Race Weekend Central

NASCAR 101: Is Bobby Pierce the Next Big Thing?

It’s not always smart to use hyperbole, but sometimes it’s warranted: Bobby Pierce could be one of the next big stars in NASCAR.

OK, maybe not. Perhaps the name Bobby Pierce will only surface during the NASCAR dirt race(s) each year or in relevant events in the dirt racing community. Maybe his second-place finish Wednesday night in the Camping World Truck Series race at Eldora Speedway will be the peak his NASCAR career reaches.

But here’s something you may not know: Pierce is in good company.

And that’s not speaking to the fact that Pierce slotted his No. 63 truck onto the pole for the Eldora race in his first series start, joining a group that previously consisted of Bobby Hamilton, Kerry Earnhardt, Alex Tagliani and Ron Hornaday Jr. That’s an impressive group all its own.

Instead, his claim to fame now lies with the team with whom Pierce scored his runner-up finish.

When Pierce came in second to eventual winner Christopher Bell earlier this week, he did so with equipment supplied by the Mittler Brothers. And that name – Mittler – could be the deciding factor in his NASCAR career, should he choose to pursue it.

You may not be familiar with the name Mittler. You might not know of Mike Mittler, who owns Missouri-based MB Motorsports. If you’re only a casual viewer of the Truck Series both now and then, it’s certainly not a strange concept, either.

But what works in Pierce’s favor is that team, MB Motorsports. It’s a group that has quite the solid track record when it comes to its former competitors.

Mittler’s team was there when the series began, first fielding a truck in four races in its inaugural 1995 season. He’s since entered trucks each and every season, doing so in varying capacities – whether it’s a true part-time season or one that may be full-time, but with other teams taking his points in certain races (see: JR Heffner in 2014, among others).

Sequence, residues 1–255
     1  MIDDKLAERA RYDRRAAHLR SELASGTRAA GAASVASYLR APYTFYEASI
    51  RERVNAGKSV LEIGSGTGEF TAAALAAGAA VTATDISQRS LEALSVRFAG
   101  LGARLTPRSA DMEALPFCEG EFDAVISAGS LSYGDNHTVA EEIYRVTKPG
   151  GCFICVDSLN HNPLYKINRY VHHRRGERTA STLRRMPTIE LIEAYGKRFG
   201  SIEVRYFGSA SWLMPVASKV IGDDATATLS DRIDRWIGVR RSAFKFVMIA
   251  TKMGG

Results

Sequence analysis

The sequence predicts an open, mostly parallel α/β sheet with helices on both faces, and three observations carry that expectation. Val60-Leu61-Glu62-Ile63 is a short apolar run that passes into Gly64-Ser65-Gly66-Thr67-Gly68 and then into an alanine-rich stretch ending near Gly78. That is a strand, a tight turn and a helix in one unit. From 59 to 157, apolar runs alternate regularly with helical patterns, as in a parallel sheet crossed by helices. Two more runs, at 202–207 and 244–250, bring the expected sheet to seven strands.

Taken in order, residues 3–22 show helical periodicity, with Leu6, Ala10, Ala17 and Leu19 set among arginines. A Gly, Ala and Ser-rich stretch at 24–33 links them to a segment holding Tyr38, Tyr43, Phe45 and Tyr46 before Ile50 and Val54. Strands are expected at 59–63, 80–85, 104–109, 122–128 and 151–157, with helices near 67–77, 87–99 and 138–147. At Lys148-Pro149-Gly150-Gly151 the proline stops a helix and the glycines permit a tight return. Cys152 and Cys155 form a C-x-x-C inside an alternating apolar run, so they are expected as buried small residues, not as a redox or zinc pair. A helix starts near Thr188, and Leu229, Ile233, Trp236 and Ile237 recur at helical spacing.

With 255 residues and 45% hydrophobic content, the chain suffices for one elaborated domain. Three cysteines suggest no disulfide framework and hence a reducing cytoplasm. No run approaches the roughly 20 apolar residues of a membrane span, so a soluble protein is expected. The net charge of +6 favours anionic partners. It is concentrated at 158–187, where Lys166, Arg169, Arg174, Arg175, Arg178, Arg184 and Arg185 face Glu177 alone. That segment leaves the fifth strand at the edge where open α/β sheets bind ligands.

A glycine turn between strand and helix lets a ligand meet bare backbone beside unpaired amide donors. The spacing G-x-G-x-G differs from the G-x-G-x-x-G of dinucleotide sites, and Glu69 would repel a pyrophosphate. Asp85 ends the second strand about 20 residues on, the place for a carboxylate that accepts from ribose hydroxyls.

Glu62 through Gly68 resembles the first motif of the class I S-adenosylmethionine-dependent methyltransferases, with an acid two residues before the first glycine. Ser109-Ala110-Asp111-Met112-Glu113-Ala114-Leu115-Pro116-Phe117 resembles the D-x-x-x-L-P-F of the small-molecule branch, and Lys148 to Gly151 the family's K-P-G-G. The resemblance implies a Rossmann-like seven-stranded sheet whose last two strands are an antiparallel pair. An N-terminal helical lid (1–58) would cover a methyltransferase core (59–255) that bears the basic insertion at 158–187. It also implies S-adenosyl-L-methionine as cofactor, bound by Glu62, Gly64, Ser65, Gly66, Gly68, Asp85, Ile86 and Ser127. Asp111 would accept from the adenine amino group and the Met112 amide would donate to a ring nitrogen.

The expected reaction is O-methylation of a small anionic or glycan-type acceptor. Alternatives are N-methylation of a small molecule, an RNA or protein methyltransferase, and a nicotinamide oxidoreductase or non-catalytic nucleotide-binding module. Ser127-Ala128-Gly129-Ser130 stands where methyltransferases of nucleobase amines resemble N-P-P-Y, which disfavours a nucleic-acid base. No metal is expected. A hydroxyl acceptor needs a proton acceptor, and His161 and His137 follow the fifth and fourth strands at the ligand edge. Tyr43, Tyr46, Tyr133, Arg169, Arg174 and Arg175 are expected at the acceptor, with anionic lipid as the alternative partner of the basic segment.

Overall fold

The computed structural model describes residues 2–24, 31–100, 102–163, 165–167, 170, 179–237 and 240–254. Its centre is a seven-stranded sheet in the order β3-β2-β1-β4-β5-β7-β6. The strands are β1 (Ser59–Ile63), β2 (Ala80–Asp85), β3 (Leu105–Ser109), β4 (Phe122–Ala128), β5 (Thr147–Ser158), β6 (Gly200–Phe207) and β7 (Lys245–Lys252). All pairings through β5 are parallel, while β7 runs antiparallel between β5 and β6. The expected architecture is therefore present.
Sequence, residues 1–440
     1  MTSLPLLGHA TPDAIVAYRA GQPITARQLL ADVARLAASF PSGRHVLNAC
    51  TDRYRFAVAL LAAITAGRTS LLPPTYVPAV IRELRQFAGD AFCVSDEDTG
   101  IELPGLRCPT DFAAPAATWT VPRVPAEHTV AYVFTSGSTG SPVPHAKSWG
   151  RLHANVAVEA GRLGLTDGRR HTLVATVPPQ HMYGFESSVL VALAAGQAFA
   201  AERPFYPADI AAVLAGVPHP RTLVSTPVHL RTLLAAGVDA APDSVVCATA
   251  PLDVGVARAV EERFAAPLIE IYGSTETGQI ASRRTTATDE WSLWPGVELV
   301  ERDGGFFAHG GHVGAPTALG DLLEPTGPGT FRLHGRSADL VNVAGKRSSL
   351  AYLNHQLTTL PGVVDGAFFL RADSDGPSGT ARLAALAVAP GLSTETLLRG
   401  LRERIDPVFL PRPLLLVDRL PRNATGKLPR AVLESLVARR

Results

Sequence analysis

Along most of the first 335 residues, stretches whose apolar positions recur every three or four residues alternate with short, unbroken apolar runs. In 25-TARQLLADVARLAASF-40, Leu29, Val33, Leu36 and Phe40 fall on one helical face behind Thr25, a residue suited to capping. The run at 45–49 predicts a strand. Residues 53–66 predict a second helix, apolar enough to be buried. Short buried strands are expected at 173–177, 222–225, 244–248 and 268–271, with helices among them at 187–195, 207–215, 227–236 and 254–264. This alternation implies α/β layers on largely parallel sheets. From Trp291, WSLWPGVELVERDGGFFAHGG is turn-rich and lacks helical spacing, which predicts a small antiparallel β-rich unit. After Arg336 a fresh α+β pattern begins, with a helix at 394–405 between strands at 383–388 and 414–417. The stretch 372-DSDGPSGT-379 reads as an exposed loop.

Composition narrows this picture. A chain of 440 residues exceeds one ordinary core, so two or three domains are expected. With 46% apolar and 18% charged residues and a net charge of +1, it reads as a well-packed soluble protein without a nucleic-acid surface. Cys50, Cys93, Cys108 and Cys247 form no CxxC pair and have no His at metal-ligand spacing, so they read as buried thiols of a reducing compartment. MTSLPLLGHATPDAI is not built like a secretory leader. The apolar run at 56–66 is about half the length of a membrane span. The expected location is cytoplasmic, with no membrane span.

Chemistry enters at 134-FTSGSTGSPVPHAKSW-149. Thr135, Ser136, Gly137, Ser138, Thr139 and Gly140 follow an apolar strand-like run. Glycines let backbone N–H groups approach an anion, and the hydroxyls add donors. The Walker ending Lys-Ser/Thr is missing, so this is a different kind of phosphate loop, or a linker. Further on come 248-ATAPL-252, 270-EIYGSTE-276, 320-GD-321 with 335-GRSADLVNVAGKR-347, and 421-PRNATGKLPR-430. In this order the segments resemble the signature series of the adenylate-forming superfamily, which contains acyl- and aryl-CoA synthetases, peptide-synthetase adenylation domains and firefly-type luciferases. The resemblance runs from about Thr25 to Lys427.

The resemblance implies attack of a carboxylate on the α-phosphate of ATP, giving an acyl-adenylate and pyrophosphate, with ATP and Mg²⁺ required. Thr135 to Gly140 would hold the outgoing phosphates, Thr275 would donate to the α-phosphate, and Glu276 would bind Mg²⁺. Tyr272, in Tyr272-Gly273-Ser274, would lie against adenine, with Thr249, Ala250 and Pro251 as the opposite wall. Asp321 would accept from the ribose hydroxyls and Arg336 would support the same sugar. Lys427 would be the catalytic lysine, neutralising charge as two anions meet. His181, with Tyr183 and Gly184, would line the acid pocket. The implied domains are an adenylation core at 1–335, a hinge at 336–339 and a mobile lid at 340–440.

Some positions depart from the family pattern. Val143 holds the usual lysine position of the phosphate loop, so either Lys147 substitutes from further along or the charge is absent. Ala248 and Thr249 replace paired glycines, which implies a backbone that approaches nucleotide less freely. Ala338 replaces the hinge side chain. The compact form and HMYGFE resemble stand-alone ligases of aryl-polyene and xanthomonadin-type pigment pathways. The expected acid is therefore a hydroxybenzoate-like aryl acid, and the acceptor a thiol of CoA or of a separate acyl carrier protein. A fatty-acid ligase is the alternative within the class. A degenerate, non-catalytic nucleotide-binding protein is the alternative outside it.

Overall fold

And with that 20-year career comes quite the roster of former drivers, some of whom have gone on to big things. Carl Edwards? Drove seven races for Mittler in 2002, earning the team its first top 10. Justin Allgaier? Eight starts in the mid-2000s. Jamie McMurray first popped up in NASCAR with a handful of races for the team in 1999. Brad Keselowski was there in 2006, Regan Smith in 2002, even Mike Wallace in 1995. And they’re not even the only racers who’ve ended up in the Sprint Cup Series.

Make no mistake: for each success story that has come through MB Motorsports and its No. 63 truck program, plenty have fizzled out without much of a history. Drivers like Chris Wimmer, David Stover, Cameron Dodson and Jack Smith are generally only known in NASCAR circles if a fan is up-to-date on their NASCAR trivia or knew the drivers from previous and post-NASCAR lives.

How is Pierce different? So far, he has something no other driver has ever accomplished in a MB Motorsports truck: a top five.

In fact, even a top 10 has been hard to come by. Edwards’s eighth-place run at Kansas Speedway in 2002 was Mittler’s only top 10 before then, making Pierce’s second their best run by six spots and 24 positions above the team average of 26th.

That’s what makes Pierce someone to watch. Had he pulled off a second-place run and a pole with one of the series’ bests, like a Kyle Busch Motorsports or ThorSport Racing type, his triumph would have been noteworthy – like Bell’s win, certainly – but may not have been touted as a runaway success. One could chalk it up to a dirt-track ringer who simply got in with a good team. Instead, he did what he did with a team that is rarely near the front, one that the average NASCAR fan may not even know. We certainly don’t expect Mittler’s No. 63 in the top 10, let alone in the lead.

What does that mean going forward? Perhaps nothing, but you can be sure that Pierce will field some offers to run more races in NASCAR. It’ll almost certainly be asphalt given Eldora’s standing as the only dirt track on the schedule; however, that’s not necessarily a problem. Plenty have come from dirt and transitioned to NASCAR’s bread and butter without too much of a struggle, and if Pierce is able to knock a race at a Martinsville Speedway-type out of the park as well, it’s not tough to envision him in more NASCAR rides in the future.

It’ll be a matter of what Pierce wants, as well as how his career unfolds over the next few months and even years. He could very easily only surface on the TV screens of NASCAR fans when the Truck Series hits Eldora each year.

We also could have seen the first act in a lucrative stock car career for Bobby Pierce.

Stay tuned.

About the author

Rutherford is the managing editor of Frontstretch, a position he gained in 2015 after serving on the editing staff for two years. At his day job, he's a journalist covering music and rock charts at Billboard. He lives in New York City, but his heart is in Ohio -- you know, like that Hawthorne Heights song.

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